April 17th, 2015

Teaching College Students with Autism Spectrum Disorders


male student on campus

An increasing number of individuals are being diagnosed with autism spectrum disorders (ASD), particularly the higher functioning form of autism previously known as Asperger’s disorder. Many of these individuals choose to attend college and it is no longer unusual to encounter them in your classes. Although they can be excellent students, those with ASD may come across as odd or eccentric with idiosyncratic behaviors and interests. This can make their presence in the classroom somewhat vexing for instructors who do not understand the challenges and strengths of these students.

Characteristics of ASD

Many students with ASD have social difficulties, including problems with verbal and nonverbal communication (American Psychiatric Association [APA], 2013). They may be unable to understand others’ points of view; have problems with taking turns in conversations (language pragmatics), speak in a loud or flat voice; and have problems understanding sarcasm, abstract language, and some forms of humor. In class, they may be preoccupied with certain subjects; inhibit other students by monopolizing class discussions; or may never speak at all. Students with ASD are comfortable being alone and often have difficulty reading social cues (APA, 2013). This is especially true in novel situations, such as the college classroom, and their behavior may seem stiff or unfriendly.

Students with ASD also have repetitive and restricted activities (APA, 2013). This can take the form of difficulty adjusting to change (i.e., change in assignments or seating arrangements) and sensory sensitivity (e.g., sensitivity to fluorescent lights, sounds, or smells). Time management can be difficult and students may lose track of time and miss class or arrive very early to ensure they get preferred seating (Dillon, 2007).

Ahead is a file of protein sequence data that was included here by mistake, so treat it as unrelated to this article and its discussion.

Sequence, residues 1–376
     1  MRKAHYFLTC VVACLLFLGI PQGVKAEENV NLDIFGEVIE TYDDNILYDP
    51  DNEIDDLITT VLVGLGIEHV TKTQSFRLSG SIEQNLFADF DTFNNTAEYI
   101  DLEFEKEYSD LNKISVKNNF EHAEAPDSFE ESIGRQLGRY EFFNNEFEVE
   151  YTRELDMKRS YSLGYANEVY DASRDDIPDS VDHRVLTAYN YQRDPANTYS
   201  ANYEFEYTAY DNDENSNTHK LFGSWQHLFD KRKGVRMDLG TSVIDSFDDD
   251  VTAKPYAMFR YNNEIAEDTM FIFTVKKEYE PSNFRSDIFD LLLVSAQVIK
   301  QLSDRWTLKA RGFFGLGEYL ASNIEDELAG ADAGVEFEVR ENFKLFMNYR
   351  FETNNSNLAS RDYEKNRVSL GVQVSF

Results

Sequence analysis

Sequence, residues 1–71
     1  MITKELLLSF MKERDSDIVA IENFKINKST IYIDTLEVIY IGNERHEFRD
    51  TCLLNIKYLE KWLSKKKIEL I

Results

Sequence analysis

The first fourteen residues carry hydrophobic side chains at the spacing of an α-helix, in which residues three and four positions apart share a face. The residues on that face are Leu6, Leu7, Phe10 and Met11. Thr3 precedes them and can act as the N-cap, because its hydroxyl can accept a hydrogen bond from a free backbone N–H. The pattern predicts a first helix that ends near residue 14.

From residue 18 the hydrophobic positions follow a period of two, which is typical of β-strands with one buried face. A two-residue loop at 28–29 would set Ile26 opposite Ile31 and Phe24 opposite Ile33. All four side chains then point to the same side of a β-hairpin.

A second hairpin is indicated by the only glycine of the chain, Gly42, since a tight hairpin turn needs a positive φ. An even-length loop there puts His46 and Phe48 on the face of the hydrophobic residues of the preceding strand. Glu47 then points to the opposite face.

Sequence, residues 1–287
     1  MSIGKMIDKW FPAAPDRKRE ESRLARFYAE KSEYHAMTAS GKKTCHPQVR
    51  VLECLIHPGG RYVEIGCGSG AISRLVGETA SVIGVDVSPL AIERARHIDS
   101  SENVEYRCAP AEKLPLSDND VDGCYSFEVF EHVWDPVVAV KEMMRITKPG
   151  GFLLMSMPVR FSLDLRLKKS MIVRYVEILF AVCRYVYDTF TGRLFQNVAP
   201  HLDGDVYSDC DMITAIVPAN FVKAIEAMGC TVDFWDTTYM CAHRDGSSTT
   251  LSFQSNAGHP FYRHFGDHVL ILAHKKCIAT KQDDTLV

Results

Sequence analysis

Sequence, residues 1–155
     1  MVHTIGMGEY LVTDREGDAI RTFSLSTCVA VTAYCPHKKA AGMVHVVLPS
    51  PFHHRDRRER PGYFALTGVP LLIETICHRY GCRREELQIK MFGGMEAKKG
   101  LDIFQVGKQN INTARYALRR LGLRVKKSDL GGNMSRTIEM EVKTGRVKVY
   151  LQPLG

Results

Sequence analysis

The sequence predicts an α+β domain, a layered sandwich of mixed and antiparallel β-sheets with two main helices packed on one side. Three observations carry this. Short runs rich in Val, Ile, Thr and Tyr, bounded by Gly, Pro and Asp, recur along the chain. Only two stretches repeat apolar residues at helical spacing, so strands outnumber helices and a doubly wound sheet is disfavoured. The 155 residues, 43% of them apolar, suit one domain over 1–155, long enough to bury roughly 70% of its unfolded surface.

Although some of the previously mentioned characteristics may be considered problematic, there are a number of positive qualities associated with ASD. These students tend to be passionate about their areas of interest and pursue those areas with great enthusiasm. They “think outside the box,” using original approaches to solving problems. Students with ASD tend to take rules seriously and take a dim view of rule-breakers. As learners, many have a wide vocabulary (particularly in their area of interest), are good visual and spatial learners, and have good memories (Jamieson & Jamieson, 2007).

Because of their strong interest in a particular area of study, students with ASD often have issues when taking courses in the core curriculum, particularly those that require abstract and higher-level thinking. Math courses, such as algebra or geometry, can be difficult; however, some students with ASD excel in math and major in engineering. Individuals with ASD tend to be literal thinkers who prefer nonfiction books on their area of interest. Literature and creative writing courses can be challenging.

Recommendations for Teaching Students with ASD